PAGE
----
Advocacy Coalition Presses Presidential Candidates On Child Care Affordability

Ellyn Fortino, Progress Illinois

As the 2016 election season kicks into high gear, a new nationwide advocacy campaign aims to amplify the need for more affordable child care and preschool.

mom_and_childThe Stand with Families initiative, led by a coalition of labor, women’s rights and other organizations, has created an online petition and is planning a series of events to draw attention and propose solutions to the nation’s “child care crisis.”

The average cost of full-time child care ranges between $3,000 and $17,000 per child per year, according to experts.

“[W]e’re calling on all the candidates for President of the United States to make our children and families a top national priority by guaranteeing universal high-quality, affordable, accessible and flexible child care and pre-K education for all families, and by paying educators and providers of all types what they are worth,” the petition reads.

The following groups are spearheading the Stand with Families initiative: the American Federation of Teachers, Center for American Progress, Center for Community Change Action, Center for Popular Democracy, Child Care Aware of America, Child Care and Early Learning Action Hub, Every Child Matters, Make It Work, MomsRising, National Women’s Law Center, SEIU* and Young Invincibles.

The groups intend to hold community forums, protests and petition-gathering events around the country, including in Illinois, between now and the November 8 election.

“I’m an early childhood educator, and when I go to the polls I’ll be looking for candidates that are speaking to the needs of child care providers, families, and kids,” said Tamara Coleman, a Stand with Families supporter and a Head Start teacher’s assistant in Kansas City. Coleman earns $10.33 an hour

“I love teaching kids and preparing our next generation, but low pay means I have to rely on my family to help buy groceries for my two kids,” she added. “In this election, there’s no more important issue for me than addressing the child care crisis. When child care costs as much as rent or college tuition, and child care providers are some of the lowest-paid workers in the country, something is deeply wrong.”

Democrat Hillary Clinton and Republican Donald Trump, the major-party presidential candidates, have each issued child care proposals.

Clinton’s child care plan largely targets low- and middle-income families, whereas Trump’s would primarily help higher-income families, according to experts.

Clinton wants to cap child care costs at 10 percent of a family’s income. Her proposal calls for “significantly increasing the federal government’s investment in child care subsidies and providing tax relief for the cost of child care to working families.” Among other measures, Clinton wants to establish universal preschool for every 4-year-old and increase the wages of child care providers and early learning educators.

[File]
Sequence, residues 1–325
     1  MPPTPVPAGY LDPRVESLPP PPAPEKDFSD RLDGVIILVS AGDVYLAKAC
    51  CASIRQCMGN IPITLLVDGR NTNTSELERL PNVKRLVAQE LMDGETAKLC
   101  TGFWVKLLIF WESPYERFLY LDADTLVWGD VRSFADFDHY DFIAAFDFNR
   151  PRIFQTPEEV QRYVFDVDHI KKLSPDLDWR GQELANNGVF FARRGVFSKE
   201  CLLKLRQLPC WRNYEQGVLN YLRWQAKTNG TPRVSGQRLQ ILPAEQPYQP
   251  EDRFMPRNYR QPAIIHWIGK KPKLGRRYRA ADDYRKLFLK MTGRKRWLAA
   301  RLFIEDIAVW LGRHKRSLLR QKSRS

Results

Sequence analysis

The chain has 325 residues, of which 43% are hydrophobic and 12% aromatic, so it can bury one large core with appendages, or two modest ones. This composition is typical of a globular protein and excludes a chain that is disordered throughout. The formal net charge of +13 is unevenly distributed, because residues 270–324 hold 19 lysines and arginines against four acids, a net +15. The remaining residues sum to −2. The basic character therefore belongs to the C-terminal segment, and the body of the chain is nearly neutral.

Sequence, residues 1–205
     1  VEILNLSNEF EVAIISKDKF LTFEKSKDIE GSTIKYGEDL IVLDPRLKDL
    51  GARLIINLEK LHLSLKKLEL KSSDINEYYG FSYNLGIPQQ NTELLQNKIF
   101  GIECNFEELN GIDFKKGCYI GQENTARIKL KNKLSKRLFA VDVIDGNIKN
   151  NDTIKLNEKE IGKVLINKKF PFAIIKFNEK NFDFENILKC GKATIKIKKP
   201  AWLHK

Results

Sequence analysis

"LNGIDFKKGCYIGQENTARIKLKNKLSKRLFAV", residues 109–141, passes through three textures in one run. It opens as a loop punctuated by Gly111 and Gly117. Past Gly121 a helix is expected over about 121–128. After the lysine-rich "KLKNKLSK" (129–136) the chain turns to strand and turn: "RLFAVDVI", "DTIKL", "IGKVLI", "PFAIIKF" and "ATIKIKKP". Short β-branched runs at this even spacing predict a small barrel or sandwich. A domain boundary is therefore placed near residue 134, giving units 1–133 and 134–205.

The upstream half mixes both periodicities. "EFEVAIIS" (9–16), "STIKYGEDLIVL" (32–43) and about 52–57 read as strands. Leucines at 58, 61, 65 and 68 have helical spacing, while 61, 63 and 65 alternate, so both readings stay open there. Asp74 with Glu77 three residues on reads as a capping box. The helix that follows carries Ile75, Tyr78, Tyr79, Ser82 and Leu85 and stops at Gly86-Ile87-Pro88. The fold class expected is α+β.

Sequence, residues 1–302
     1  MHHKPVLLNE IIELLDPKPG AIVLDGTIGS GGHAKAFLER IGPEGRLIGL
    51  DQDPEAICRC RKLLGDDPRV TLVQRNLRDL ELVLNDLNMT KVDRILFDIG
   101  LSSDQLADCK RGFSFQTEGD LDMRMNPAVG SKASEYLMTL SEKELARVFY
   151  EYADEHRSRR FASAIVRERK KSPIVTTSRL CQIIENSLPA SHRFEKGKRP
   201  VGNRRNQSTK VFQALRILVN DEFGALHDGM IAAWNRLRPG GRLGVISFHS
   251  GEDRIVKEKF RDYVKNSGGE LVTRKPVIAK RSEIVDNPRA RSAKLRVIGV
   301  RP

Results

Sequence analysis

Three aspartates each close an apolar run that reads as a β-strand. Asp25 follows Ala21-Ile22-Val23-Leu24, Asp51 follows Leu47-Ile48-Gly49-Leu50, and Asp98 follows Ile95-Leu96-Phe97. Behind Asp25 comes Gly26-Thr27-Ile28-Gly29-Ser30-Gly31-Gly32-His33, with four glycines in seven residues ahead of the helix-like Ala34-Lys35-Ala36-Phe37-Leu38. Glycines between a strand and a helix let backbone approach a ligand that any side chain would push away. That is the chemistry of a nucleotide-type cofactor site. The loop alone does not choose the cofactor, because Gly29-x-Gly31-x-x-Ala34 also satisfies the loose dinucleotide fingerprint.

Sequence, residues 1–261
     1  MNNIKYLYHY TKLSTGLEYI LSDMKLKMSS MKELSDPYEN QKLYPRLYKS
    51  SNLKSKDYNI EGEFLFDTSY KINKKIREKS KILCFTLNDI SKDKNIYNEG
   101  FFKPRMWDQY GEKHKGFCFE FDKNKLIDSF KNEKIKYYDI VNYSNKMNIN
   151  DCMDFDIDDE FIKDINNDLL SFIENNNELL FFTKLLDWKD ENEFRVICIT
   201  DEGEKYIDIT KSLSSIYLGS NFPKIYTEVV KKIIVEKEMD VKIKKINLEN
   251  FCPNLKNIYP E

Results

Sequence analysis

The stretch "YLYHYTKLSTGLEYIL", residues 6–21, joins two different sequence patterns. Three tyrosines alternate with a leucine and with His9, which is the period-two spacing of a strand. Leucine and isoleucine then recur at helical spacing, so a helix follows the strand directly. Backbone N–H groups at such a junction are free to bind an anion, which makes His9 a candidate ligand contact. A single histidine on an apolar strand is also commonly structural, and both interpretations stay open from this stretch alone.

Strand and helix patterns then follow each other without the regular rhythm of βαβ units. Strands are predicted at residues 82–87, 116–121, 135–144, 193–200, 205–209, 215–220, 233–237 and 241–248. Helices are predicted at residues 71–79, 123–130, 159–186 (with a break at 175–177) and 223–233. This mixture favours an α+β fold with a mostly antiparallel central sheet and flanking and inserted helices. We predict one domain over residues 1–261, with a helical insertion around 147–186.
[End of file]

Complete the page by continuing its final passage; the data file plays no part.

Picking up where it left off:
Trump’s plan would let families deduct daycare costs for up to four children from their income taxes. The child care deduction would be available for couples making up to $500,000 and individuals making up to $250,000. The plan would extend to stay-at-home parents.

The Republican presidential nominee also wants to boost the Earned Income Tax Credit (EITC) by up to $1,200 for parents who have no income tax liability because their incomes are too low. Another aspect of Trump’s plan is the creation of new child care savings accounts, through which the government would “match half of the first $1,000 deposited per year” by low-income parents.

Trump has called for six weeks of guaranteed paid maternity leave for new mothers, while Clinton has proposed 12 weeks of mandatory paid family leave.

After reviewing Trump’s child care plan earlier this month, the National Women’s Law Center noted that “any proposal structured around tax deductions in this way will overwhelmingly benefit higher-income families while doing little for lower-income families who need the most assistance.”

That’s because low-income families who lack an income tax liability would have no tax deduction to claim. Additionally, a $1,200 boost in the EITC for low-income families would do little to offset the high costs of child care, the center said. Finally, experts doubt many low- and moderate-income families would seek one of Trump’s child care savings accounts.

“Families who are already struggling to make ends meet are not likely to be able to put thousands of dollars into savings accounts to pay for future child care expenses,” the center’s analysis said.

As for the minor-party candidates, the Green Party’s Jill Stein supports universal free child care, while the Libertarian Party’s Gary Johnson favors small government. The Libertarian Party’s platform endorses a free-market education system and opposes all forms of government subsidies.

“The candidates are talking about child care because it’s an issue that affects every working parent in this country, and they know they can’t win without our votes,” said Stand with Families supporter Elizabeth Hopkins, a working mother of two from Cincinnati. “But I’m calling on the candidates for president and all elected (officials) to do more than talk about making child care affordable and make a real commitment to addressing the crisis as soon as they take office.”

Originally published Friday September 30, on Progress Illinois